Yes, you can always jailbreak and unlock a phone outside of the normal carrier processes. I don’t do that with my devices because I have trust issues. Also, jailbreaks for each iOS release and iPhone model tend to lag a bit and I’d really rather stay fully up-to-date with all of my software. For others, this isn’t so much a concern and jailbreaking is an option they are comfortable with.
Several people have written in to say that they have had good luck with remote unlock services. These websites take your IMEI and some money (ranging from $30-$50 in the emails sent to me) and within a day or so a message shows up in iTunes telling you your phone is unlocked. I have no clue as to how this works except for speculating that these sites are fronting people who have people that work at the carriers or elsewhere than can inject unlock requests on the sly. Seems shady, but on the other hand, it sounds like it’s working for people.
Hubert Figuière points out via twitter that Canada’s LTE build out isn’t far along at all and HSPA+ works just fine. Brandon Muramatsu wrote in along the same lines to point out that HSPA+ networks—now called 4G by some carriers—works great where it’s available even if you can’t jump on an LTE network. I agree. It’s probably way too early to get too concerned about where LTE works or not.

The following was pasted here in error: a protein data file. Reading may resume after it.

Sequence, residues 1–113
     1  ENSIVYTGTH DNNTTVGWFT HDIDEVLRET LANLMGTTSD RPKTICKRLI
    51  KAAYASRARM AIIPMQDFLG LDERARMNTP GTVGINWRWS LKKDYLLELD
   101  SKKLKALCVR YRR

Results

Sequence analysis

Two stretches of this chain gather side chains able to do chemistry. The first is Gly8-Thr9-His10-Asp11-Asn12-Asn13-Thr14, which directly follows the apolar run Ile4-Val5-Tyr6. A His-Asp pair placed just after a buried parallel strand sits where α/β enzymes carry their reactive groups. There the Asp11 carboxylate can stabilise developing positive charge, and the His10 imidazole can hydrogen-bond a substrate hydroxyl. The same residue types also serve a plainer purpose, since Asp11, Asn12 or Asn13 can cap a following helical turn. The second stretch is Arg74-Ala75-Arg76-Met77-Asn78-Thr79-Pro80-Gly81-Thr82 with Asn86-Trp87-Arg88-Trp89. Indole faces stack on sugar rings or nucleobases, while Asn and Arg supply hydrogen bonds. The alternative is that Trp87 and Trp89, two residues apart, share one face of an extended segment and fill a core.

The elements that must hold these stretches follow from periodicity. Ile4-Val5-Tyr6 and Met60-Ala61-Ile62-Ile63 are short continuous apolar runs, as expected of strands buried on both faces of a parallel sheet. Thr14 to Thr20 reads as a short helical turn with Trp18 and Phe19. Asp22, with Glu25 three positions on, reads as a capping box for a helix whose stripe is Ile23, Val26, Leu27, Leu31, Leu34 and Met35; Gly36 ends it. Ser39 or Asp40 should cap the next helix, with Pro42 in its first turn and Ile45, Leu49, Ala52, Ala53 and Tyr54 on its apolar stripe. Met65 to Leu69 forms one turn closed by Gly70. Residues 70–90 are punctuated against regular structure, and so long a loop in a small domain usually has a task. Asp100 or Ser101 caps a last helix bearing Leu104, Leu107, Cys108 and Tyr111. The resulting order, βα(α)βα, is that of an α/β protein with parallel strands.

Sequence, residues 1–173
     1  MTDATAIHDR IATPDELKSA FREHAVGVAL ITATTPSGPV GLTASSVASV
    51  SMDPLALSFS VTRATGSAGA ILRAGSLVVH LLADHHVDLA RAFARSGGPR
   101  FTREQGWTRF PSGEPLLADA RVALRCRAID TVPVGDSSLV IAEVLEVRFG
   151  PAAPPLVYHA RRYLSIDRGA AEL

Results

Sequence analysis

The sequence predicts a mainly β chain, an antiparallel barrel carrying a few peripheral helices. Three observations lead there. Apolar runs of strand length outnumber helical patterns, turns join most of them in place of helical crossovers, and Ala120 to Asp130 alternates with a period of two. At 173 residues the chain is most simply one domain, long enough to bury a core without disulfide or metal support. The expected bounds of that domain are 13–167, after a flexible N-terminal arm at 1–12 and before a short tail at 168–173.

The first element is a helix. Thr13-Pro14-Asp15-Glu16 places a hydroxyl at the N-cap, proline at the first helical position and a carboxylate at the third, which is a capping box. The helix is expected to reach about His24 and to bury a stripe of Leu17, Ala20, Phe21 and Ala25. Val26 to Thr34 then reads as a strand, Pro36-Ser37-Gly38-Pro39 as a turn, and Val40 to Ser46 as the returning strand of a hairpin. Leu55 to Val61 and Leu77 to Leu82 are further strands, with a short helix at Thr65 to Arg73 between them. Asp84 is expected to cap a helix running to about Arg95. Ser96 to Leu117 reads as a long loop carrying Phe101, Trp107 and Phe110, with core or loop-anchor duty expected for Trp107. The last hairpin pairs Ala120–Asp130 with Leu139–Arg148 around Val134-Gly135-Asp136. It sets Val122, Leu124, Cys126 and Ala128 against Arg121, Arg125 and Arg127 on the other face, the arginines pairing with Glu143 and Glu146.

Mike Sax wonders on Twitter about the availability of iPhone 5 compatible nano SIM cards. Nano SIMs are new, but given the wide distribution of iPhones through the world, I don’t think availability will be a problem for long.
If you’re from Europe, you might be tempted to point out that things are much more sane across the pond when it comes to service pricing and unsubsidized phones. You’re absolutely right. If I lived in Europe, I’d get an unlocked GSM iPhone and just use a SIM-only plans, such as the ₤15/mo plan that Will Croft mentioned on Twitter. That’s $24, a great value compared to the plans available in the US for the iPhone. Unfortunately, there’s no major carrier in the States that gives you a break on your service pricing when you use an unsubsidized phone.
On the other hand, if you’re from Europe or another place more sane with pricing models and want to use your iPhone here in the United States, well, that’s a total pain in the ass. Rich Hochstetler writes about his experience as an American living abroad who takes occasional 1-2 week trips to the US.